Film Review: ‘Parker’


The somewhat bemusing tagline for Parker (2013) – the latest brusque and thundering action-thriller starring British cult hero Jason Statham – states that ‘Payback has a new name’. Indeed, the titular Parker, the hard-boiled anti-hero of Donald Westlake’s series of crime novels, has appeared before, under a different name, in Mel Gibson’s Payback (1999). Before this, Lee Marvin played the similarly blunt-named ‘Walker’ in John Boorman’s Point Blank (1967), a detached, indestructible force, unwilling to halt the bloodshed until he has completed his quest – and like Statham’s Parker, not so much hard-boiled as he is burnt to a crisp.

Statham’s Parker is a master-thief with varying levels of compassion and an arbitrary code of ethics: “I don’t steal from anyone who can’t afford it, and I don’t hurt anyone who doesn’t deserve it,” he grunts. After executing an elaborate heist at the Ohio State Fair, his accomplices betray him and leave him for dead at the side of the highway. Somehow, he survives – only adding more scars to his bricked torso – and follows their trail to Palm Beach for that infamous ‘one last heist’.

Once at Palm Beach, Parker unwittingly commissions the beautiful Leslie (Jennifer Lopez), an ebullient Miami realtor, recently divorced from her playboy husband and living with her cantankerous mother (Patti LuPone), in his two-for-one revenge and robbery plot. Parker, Leslie, and every other character in the film, is motivated solely by money; even sex – the other prerequisite in the Hollywood action movie contract – is only had by people who have money, or are in the business of getting it. Parker has a girlfriend, his mentor’s daughter, and upon meeting Leslie he strips her down to her underwear to check for a wire instead of sleeping with her. It’s hardly subtle, but neither is it trying to be anything that it’s not.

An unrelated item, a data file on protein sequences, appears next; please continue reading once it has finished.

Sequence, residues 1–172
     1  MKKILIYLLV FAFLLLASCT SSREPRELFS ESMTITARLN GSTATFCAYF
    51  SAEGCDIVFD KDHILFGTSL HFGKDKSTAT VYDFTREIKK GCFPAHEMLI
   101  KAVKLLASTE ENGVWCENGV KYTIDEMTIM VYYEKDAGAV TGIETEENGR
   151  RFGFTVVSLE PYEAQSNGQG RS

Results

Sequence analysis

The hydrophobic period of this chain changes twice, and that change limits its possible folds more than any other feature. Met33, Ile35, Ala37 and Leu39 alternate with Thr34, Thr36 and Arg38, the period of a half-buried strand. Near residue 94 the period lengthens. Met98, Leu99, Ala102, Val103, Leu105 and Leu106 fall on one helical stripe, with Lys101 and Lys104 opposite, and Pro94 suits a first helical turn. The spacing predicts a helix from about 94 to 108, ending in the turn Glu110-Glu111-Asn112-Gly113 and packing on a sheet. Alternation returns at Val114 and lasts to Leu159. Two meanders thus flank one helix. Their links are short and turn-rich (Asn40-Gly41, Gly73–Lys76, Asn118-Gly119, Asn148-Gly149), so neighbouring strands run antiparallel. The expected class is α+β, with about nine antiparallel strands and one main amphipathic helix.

Lopez is hardly written with the moral scope of her US Marshal in Steven Soderbergh’s Out of Sight (1998), her best film, but no one in Parker has an emotional trajectory that goes beyond the bottom of their wallet or the reach of their fists. Director Taylor Hackford is a schooled Hollywood veteran (An Officer and a Gentleman, Ray) making his first action movie and, unlike the prefix of his surname might suggest, is experienced enough to adroitly balance chaos and coherence.

Statham has, of course, brought his rough-and-ready charisma to similar roles before, and provides a gleefully unedifying release from the weighty themes and near three hour running times of Oscar season. Like The Last Stand (2013) and other recent action movies, Hackford’s Parker is a self-conscious attempt to reinstate the gruff and pulpy roots which used to dominate action cinema over the visual gymnastics and digital spy moves of recent superhero movies.

Chris Fennell